Tuesday, December 13, 2016

How cost-burdend are Nashville renters? How do we compare to other Metro areas?

From Andrew Woo
Hello Rod,

There are more than 110 million renters in the US, and housing affordability is a major concern for many renters across the country. To better understand the challenges they face, we dug into Census data on renter cost burdens across the US. Nationwide, more than half of renters pay more than 30% of their income in rent.

Our report will be released on Thursday, 12/15. Here are some of the highlights you might be interested in:

  • 46.3% of Nashville metro renters were cost-burdened in 2015, making it #21 for affordability out of the nation's top 100 largest metros.
  • Affordability is driven by both rent and income; from 2005-2015, rents in Nashville increased by 14.3%, while renter incomes increased by 16.7%.
  • Nationally, metros in the Midwest and Texas tend to have relatively low shares of cost-burdened renters, while metros in Florida and Southern California ranked worst for affordability.
You can preview the full report at this link. We also have data from 2005-2015, for more than 450 metros across the US. Is this something that your audience might be interested in? You can find more of our analysis of rental price data and trends on our Rentonomics blogIf you have any questions, please don't hesitate to contact me at andrew@apartmentlist.com.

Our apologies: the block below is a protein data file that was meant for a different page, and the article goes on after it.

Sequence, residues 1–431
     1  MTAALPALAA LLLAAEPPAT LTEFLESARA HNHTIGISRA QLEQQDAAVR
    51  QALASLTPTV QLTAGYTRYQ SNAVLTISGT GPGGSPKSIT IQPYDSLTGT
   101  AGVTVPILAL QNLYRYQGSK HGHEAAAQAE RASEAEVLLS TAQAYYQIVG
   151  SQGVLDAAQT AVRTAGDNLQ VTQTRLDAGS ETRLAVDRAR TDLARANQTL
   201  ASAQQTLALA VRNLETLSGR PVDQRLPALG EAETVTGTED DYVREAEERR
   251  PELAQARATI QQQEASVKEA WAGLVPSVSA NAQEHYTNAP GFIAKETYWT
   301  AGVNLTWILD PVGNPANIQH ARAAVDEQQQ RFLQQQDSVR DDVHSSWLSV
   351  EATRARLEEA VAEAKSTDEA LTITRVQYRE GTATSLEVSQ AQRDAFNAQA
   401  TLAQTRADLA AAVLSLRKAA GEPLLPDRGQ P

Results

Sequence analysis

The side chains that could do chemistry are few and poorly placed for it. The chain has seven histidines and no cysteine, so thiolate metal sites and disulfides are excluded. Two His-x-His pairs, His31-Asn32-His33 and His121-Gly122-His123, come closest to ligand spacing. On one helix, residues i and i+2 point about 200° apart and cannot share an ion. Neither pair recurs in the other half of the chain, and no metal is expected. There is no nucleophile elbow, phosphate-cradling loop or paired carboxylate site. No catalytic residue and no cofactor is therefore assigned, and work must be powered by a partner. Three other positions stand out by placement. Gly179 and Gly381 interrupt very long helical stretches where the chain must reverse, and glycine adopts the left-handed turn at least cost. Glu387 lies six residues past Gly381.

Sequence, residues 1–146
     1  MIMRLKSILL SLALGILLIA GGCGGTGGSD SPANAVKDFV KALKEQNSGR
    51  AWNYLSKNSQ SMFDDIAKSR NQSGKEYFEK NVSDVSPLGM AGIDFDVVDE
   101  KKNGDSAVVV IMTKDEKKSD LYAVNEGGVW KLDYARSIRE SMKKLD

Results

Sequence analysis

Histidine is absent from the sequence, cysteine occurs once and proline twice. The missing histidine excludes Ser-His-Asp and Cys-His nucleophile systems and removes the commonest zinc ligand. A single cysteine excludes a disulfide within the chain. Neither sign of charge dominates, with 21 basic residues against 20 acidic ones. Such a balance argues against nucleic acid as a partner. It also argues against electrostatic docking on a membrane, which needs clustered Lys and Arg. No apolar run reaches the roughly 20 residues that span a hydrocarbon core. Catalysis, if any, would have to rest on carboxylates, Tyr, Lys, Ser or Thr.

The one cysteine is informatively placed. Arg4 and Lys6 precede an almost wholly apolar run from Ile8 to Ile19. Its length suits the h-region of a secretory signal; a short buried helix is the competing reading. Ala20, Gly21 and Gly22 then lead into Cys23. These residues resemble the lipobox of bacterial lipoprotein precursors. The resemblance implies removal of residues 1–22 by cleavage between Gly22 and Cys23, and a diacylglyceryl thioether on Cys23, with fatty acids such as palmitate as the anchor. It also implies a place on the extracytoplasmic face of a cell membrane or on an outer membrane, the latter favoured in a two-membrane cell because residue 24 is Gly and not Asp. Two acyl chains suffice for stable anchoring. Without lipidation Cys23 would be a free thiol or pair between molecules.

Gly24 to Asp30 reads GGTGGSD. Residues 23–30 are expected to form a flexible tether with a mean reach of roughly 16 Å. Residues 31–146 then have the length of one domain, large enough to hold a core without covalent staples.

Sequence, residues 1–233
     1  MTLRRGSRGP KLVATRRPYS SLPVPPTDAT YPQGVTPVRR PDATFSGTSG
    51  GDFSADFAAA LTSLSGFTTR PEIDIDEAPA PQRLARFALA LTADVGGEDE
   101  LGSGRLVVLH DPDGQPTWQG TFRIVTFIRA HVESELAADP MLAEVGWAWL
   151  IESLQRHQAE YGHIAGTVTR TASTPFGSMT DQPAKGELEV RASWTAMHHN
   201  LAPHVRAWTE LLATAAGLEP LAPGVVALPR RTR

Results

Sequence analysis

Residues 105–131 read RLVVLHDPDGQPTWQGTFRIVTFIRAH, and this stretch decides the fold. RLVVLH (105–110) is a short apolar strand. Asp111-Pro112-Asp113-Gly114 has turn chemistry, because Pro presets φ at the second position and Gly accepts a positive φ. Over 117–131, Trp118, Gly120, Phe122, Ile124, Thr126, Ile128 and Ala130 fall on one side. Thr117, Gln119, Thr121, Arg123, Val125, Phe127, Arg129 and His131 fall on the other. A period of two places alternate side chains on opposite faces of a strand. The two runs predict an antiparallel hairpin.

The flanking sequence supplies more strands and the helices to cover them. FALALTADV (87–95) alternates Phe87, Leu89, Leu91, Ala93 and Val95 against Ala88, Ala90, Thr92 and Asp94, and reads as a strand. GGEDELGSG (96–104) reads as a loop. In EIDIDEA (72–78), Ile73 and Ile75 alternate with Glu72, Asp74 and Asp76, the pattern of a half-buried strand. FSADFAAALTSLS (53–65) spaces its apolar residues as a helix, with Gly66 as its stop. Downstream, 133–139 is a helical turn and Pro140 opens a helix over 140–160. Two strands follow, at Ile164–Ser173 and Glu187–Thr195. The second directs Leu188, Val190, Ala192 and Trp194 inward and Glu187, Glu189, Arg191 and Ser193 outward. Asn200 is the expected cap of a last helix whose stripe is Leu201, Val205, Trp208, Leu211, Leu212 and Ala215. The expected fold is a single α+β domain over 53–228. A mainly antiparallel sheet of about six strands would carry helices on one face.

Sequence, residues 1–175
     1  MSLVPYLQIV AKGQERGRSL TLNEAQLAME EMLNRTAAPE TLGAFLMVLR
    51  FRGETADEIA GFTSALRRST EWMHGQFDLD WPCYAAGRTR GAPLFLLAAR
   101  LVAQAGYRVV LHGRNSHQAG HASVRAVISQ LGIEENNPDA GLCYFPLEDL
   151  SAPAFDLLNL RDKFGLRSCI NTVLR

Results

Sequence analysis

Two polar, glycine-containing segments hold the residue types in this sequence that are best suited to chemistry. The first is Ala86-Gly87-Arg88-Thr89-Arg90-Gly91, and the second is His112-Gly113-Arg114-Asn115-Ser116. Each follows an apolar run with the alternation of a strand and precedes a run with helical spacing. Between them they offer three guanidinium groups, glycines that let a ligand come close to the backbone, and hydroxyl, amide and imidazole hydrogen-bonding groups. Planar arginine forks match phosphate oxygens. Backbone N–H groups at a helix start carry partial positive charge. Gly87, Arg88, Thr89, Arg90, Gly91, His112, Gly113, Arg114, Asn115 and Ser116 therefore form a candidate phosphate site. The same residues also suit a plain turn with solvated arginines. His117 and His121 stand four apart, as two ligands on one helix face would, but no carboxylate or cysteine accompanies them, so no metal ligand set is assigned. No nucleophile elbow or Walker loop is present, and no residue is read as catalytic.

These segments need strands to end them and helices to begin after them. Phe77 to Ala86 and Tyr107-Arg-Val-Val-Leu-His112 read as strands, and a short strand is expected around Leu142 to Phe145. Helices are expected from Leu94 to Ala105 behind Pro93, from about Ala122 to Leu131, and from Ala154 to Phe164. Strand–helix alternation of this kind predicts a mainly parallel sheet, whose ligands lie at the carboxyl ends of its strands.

Andrew Woo
Data Scientist, Apartment List

My Comment: 
Please note, that we are not getting worse, but are actually getting better.  Incomes are increasing at a faster rate than rents.  That is not the only measure of course.  Not all incomes are rising at that rate.  In my view, we would be better to focus on increasing incomes and lifting people out of poverty rather than attempting to force property owners to sell their product at a below market price.  Fighting high rents by rent control is like fighting hunger by telling Krogers what prices they can charge for groceries.

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1 comment:

  1. I own a rental property and if there was no profit in it then I'd sell the property to an owner occupant. This would shrink the number of rental units available. If a lot of people are doing the same then we'd have a major rental shortage. New York City is a good example of how rent control creates major problems with affordability.